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Interview with “Yesterday’s Concert” Podcast Host Lance

A podcast, “Yesterday’s Concert,” is a highly produced and unique take on concert reviews. He takes an in-depth look at the bands themselves, as well as the concerts. Lance has gone to more than 750 concerts in the past fifteen years, and he began to realize that he had something to share with the world.

He takes inspiration from other podcasts, noting that the way it’s produced and edited is reminiscent of “Serial” (though the content is not). Lance also credits “Disgraceland” as a large influence: “I stopped writing for a long time but picked it back up when I started thinking about all my concert memories. They were so precious to me I didn’t want them to be lost so I just started writing them down.” That’s when he had his “Eureka” moment, “Eventually I came to a point of wanting to share them but not knowing how. When I heard ‘Disgraceland,’ it was the final inspiration I needed.”

His first concert was Lynyrd Skynyrd and The Allman Brothers Band in his home state of Mississippi, and he was lucky enough to share the experience with his dad. Lance found it to be a defining moment: “I remember the Allman Brothers jammed out so many of their songs and at the time I hated all the jamming but was so mystified by the live energy of the songs. The way the music interacted with the crowd was much, much larger than me.”

Lance loves the way crowds come together, describing the realization that you’re fully present amongst 60,000 people, all singing along to the same song. He also loves smaller venus, musing, “Even in the back of the room it’s like you’re sitting on the stage.” Small bands make for big memories. He adds, “The first time I saw Moon Taxi was in a pizzeria with about twenty people.” He saw them for the thirtieth time in December and has enjoyed seeing them evolve and gain a real following through the lens of attending their concerts.

From a third grader who only listened to Elvis Presely to a college student working towards becoming a full-time music journalist, onto the journalist he is today, Lance has built up a resume of reviews, shows, concert experiences, and artists discovered.  “Yesterday’s Concert” is a product of his love of live music, his knowledge of the musicians he’s seen, a love of journalism, and the power of stepping away and being methodical about how he wanted to use his talents.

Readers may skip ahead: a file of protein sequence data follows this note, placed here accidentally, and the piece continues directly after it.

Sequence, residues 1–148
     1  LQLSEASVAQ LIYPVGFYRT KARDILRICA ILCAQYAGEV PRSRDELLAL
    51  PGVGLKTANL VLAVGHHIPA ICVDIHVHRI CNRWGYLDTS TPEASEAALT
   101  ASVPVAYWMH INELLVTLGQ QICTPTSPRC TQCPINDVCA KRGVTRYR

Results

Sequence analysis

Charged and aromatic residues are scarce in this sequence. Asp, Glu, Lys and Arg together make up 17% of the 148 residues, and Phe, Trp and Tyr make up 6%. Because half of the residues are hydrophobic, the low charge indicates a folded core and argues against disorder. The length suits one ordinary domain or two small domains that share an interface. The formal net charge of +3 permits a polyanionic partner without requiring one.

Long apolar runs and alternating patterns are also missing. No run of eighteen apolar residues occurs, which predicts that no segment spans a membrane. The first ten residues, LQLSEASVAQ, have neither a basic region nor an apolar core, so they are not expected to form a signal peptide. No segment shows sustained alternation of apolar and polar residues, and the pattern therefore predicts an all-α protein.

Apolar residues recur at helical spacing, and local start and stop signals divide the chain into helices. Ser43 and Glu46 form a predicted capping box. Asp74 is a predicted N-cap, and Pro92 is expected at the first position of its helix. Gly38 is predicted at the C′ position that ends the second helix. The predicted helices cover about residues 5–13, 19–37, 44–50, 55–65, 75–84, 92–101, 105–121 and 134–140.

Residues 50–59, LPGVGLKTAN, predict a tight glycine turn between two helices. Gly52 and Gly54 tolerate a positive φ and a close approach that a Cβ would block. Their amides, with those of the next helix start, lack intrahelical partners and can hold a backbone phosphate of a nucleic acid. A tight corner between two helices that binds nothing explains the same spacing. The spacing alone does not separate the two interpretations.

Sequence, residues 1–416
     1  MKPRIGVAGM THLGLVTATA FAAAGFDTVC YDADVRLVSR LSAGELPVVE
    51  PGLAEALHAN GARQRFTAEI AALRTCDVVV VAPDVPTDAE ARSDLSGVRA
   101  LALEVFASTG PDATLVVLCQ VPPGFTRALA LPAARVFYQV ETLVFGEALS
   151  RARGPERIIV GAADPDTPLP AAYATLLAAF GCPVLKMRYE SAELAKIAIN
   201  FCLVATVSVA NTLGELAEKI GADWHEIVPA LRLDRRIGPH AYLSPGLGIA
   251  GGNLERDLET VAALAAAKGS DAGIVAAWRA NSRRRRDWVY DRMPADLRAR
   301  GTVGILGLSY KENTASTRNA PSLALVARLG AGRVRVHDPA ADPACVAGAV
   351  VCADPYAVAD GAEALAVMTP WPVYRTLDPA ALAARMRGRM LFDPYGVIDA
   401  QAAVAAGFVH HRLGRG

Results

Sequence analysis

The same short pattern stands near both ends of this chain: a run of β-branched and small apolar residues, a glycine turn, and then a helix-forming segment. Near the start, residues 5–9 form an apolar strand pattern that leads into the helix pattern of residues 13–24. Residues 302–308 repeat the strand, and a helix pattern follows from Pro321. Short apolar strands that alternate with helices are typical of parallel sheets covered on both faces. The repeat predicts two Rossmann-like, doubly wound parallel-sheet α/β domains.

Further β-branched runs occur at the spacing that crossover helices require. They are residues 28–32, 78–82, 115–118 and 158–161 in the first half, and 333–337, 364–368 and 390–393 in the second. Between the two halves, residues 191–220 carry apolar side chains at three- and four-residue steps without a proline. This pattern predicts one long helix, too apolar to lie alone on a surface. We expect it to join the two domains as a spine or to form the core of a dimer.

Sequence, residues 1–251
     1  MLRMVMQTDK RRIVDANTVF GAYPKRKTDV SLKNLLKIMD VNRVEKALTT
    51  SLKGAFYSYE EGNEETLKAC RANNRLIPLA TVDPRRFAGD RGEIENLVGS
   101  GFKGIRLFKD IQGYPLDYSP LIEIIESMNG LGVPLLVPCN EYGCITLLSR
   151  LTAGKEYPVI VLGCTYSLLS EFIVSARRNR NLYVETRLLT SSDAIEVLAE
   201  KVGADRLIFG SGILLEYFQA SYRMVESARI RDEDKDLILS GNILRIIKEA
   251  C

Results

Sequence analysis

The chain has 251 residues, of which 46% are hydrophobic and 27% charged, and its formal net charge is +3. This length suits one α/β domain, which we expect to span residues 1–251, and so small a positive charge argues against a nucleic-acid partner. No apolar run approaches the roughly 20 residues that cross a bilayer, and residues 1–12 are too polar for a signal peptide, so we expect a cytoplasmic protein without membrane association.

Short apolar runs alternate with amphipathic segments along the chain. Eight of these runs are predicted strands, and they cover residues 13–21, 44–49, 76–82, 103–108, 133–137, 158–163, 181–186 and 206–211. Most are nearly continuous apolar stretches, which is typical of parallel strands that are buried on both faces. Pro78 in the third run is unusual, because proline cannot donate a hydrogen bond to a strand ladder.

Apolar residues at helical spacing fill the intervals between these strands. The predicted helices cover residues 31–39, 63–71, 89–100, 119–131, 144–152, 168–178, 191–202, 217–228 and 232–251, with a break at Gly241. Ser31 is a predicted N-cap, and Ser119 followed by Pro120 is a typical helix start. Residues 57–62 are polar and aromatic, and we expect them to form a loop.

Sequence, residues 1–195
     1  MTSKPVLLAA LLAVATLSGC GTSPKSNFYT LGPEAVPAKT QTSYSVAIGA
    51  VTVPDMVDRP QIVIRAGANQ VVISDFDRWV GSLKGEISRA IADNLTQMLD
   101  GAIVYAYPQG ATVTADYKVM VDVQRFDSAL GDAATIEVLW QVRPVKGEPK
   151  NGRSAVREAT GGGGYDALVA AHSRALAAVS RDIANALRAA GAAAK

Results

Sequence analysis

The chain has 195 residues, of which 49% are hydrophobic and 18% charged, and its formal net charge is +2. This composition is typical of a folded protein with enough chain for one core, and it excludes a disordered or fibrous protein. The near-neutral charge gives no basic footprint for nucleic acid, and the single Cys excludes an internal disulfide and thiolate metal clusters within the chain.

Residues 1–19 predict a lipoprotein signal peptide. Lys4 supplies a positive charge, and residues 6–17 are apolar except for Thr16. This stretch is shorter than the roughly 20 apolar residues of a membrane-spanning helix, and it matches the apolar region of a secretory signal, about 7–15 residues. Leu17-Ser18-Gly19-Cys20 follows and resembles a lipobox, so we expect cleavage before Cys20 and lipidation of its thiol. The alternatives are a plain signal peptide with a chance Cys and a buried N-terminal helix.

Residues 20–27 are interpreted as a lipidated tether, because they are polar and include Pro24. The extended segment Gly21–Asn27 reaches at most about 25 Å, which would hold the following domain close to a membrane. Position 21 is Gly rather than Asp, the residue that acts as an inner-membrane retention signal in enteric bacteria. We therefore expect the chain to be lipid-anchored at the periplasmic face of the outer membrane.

Lisa: Hey Lance! How did it all start with “Yesterday’s Concert” podcast? Is there a story behind it?

Lance: Of course, having a story is at the very root of “Yesterday’s Concert.”

I went to college to become a music journalist and had high hopes of one day writing for “Rolling Stone,” just like my favorite character William Miller in Almost Famous. After my year, I started writing news articles for the college newspaper and eventually worked my way into a weekly music column. In that column, I got to ramble about music I loved like the Stooges, plus they let me cover whatever concerts came to town. It was a dream gig for a college kid.

Before graduating I left journalism to pursue a different degree and stopped writing altogether. Several years later, I started writing stories down about the concerts I had attended. I’m not sure if I missed writing or thought there might be something there. At the very least, it was a “jam journal” for me to hold onto these precious memories. I did that for two years before I started thinking maybe I should do something with them. That’s when I heard the podcast “Disgraceland.” It was the missing inspiration for my podcast to come together.

Lisa: What are some of your favorite podcasts that you are influenced by, and why?

Lance: As mentioned “Disgraceland” was a massive influence on me. The way the host, Jake Brennan, intertwined crime and music with high production storytelling was a stroke of genius. “Disgraceland” gave me the lightning bolt to bring those “jam journals” to life.